Arirang Hibachi Steakhouse and Sushi Bar's hibachi chefs pull double duty, acting as entertainers in addition to grillmasters. They captivate large groups of diners with whirling knifework, dynamic spatula twirls, and the occasional spout of flame at tableside hibachi grills, flipping hot portions of lobster and chicken directly onto waiting plates. Behind the bamboo-finished bar, the sushi chefs move more slowly as they carefully seal colorful combinations of veggies, seafood, and vinegar-anointed rice within sheets of delicate seaweed. Like a poltergeist beauty pageant, not all of the talent is visible to the eye—the culinary team makes some of the restaurant's most exotic dishes, such as kobe beef sliders and wasabi-crusted filet mignon, behind the closed doors of the kitchen.
Classics never go out of style, a truth that is both known and celebrated at Sweet Waters Steak House. Here, iconic American dishes showcase the menu?s combinations of comforting flavors. Chefs line the grill with as many as seven cuts of steak, including dry-aged sirloins and certified Angus strip steaks. Roasted organic chicken breast, pan-seared Norwegian salmon, and caramelized French onion soup serve as upscale takes on steak-house traditions.
With its dark wooden wainscoting, gilt-framed paintings, and green leather furniture, the restaurant?s d?cor mirrors the classical elegance of its menu. Crisp white linens adorn each table, catching the small bits of light cast by the dining room?s softly glowing lamps.
Diners recline on the aged-black-leather chairs at Christie's Steakhouse, sipping martinis as they watch as they watch international travelers drift in and out of the Crowne Plaza hotel. Servers emerge from the kitchen, nimbly juggling plates of Black Angus steaks, fresh seafood dishes, and artisanal pizzas. They set plates down on linen-clad tabletops, their faces illuminated in the glow of soft hanging lights and five glimmering widescreen TVs.
At South Fin Grill, the ocean breeze mingles with a menu of upscale seafood and steakhouse dishes praised by New York magazine. Amid what critic Ethan Wolff describes as a "priceless" ocean view, servers roll out lobster, crab, swordfish, and salmon incarnated as pasta, soup, and sushi dishes. The "turf" portion of the menu showcases grilled new york sirloin, filet mignon, and barbecued pork, but the focus once again turns seaside at a raw bar that features clams and oysters kept fresh by pearl-shaped breath mints.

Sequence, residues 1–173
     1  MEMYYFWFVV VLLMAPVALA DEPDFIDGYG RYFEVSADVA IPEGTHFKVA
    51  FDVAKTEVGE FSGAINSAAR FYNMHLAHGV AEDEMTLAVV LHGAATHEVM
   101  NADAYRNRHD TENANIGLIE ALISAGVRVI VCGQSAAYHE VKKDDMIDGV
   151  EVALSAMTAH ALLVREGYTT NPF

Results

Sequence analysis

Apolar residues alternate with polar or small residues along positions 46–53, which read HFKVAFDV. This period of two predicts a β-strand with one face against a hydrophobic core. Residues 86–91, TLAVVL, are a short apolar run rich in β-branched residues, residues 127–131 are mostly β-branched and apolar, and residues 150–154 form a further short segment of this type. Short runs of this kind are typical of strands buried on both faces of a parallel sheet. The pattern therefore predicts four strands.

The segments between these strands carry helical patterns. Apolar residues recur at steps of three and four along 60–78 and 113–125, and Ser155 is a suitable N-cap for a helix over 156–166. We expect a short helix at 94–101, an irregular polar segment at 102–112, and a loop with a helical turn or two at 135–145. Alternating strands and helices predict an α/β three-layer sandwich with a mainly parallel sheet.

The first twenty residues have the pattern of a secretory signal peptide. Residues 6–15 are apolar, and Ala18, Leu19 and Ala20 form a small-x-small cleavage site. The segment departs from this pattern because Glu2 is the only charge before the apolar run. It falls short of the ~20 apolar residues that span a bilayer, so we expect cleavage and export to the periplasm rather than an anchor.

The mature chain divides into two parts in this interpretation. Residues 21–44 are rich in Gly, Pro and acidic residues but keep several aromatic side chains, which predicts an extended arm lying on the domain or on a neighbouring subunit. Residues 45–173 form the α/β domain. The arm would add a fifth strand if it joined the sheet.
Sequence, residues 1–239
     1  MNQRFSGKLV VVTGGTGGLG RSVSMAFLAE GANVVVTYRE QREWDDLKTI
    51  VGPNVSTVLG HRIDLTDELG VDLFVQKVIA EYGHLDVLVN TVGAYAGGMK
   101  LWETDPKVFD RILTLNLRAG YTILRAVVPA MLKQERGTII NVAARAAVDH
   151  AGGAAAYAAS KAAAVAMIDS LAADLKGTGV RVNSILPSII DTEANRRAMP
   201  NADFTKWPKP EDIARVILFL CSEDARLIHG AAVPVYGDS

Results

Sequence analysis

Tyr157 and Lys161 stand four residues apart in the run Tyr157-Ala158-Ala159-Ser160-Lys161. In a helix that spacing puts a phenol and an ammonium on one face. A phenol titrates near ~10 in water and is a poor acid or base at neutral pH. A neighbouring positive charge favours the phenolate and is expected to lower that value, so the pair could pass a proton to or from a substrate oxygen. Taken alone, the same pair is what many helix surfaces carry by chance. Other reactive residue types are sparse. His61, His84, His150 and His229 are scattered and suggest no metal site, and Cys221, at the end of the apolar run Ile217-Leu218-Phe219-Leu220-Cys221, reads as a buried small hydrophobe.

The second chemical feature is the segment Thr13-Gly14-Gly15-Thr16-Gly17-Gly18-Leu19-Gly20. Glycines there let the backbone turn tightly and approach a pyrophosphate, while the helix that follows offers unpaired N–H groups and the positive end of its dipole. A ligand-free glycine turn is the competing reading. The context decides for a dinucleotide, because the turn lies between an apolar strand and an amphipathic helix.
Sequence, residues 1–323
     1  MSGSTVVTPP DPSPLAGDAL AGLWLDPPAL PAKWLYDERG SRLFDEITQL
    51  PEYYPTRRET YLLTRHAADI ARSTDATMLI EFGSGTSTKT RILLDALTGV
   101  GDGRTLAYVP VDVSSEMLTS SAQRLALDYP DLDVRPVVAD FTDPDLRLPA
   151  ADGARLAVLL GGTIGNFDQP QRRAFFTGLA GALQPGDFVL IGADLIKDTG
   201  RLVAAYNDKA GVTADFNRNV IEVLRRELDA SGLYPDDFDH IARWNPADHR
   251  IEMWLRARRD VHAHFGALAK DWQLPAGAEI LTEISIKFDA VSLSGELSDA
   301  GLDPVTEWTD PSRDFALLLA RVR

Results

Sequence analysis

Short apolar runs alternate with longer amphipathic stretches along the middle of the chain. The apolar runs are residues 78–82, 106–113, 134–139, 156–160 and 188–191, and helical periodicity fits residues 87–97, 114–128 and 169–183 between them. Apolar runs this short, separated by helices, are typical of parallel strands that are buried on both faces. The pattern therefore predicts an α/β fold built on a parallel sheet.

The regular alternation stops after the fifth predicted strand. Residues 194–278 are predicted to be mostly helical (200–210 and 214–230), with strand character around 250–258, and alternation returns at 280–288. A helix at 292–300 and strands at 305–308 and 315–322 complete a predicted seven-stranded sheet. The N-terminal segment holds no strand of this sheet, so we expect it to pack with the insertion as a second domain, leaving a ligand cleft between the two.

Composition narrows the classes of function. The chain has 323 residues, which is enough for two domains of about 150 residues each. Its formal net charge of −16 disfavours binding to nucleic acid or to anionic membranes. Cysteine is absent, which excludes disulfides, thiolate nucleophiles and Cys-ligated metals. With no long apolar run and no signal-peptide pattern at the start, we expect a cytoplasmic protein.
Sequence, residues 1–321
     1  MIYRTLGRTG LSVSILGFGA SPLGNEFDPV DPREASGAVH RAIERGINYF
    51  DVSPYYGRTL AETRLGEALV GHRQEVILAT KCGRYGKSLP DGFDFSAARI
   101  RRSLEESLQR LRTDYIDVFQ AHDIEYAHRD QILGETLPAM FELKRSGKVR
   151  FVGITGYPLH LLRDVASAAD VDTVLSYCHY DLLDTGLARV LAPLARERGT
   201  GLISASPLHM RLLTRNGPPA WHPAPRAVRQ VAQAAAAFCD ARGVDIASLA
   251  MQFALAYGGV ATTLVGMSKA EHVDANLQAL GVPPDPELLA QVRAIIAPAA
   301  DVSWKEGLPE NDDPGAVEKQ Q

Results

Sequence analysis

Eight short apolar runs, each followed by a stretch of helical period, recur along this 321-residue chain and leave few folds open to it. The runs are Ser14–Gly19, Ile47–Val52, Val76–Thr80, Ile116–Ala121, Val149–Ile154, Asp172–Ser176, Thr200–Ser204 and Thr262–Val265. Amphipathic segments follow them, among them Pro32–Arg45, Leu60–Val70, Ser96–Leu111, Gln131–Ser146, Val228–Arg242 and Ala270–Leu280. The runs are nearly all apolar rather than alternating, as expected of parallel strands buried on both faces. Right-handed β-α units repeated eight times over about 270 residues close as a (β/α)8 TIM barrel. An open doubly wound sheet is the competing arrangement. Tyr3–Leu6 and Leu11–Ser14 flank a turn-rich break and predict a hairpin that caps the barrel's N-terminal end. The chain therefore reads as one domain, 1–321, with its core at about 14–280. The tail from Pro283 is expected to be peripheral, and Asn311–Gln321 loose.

Beams of blue and yellow lighting hover above the interior dining tables, each blanketed with a white tablecloth and centered with a flickering candle. Outside, the ocean deck's sea-blue umbrellas shelter views of the boardwalk, ocean, and seagull beach volleyball tourneys. The restaurant bolsters its elegantly plated cuisine with occasional entertainment acts, which have included DJs.
Peter Luger's is to steakhouses what Babe Ruth was to baseball—a dominant champion beloved by New Yorkers. The restaurant has been named the best steakhouse in New York by Zagat 28 years in a row, and it was even a charter member of that publication's hall of fame. Seated across from the long wood bar, one gets the sense the Babe would have approved of the restaurant's mighty meals, which typically consist of a porterhouse steak for two, three, or four (the sparse menu also includes lamb chops and fresh fish, but the steak is clearly the star). The owners of the restaurant are taking few risks in maintaining its superior status: they personally select the meat on daily visits to wholesale markets. The loin is then dry-aged in the restaurant's aging box, a process that makes it surprisingly tender, like a bully who suddenly realizes other kids need their milk money to buy candy. After it's broiled and doused in house steak sauce—a sauce the restaurant now sells online due to popular demand—the meat is ready to be devoured. It all adds up to the kind of meal that attracts actors, athletes, and the occasional covert lieutenant governor inauguration.
Lenny Passarelli grew up within the bustle of busy kitchens and developed a palate for decadent food at his family’s fine-dining establishment, Scotty's in Rockville Center, which the clan ran for more than 45 years. When he started his own legacy at AJ Maxwell's Steakhouse, he wanted to combine the two ingredients he'd learned to be most important to a restaurant: food and fun. In the fine-food category, Passarelli serves live Maine lobsters, dry-aged sirloin steaks, and massive porterhouses capable of feeding up to four. Attentive servers, who are trained to be sensitive to whether a gathering is a celebration or business meeting, keep the drinks flowing and the experience joyous.
The gentle glow of the overhead chandeliers reveals an intricate full-wall mosaic mural depicting ancient Roman life, which the owners discovered during the restaurant’s renovations. The mural was left behind by New York's Forum of the 12 Caesars, which was famous for being the city’s most expensive and over-the-top theme restaurant from the 1950s through the 1970s, attracting celebrities with its lush atmosphere and their pets with the promise of top-notch doggy-bag service.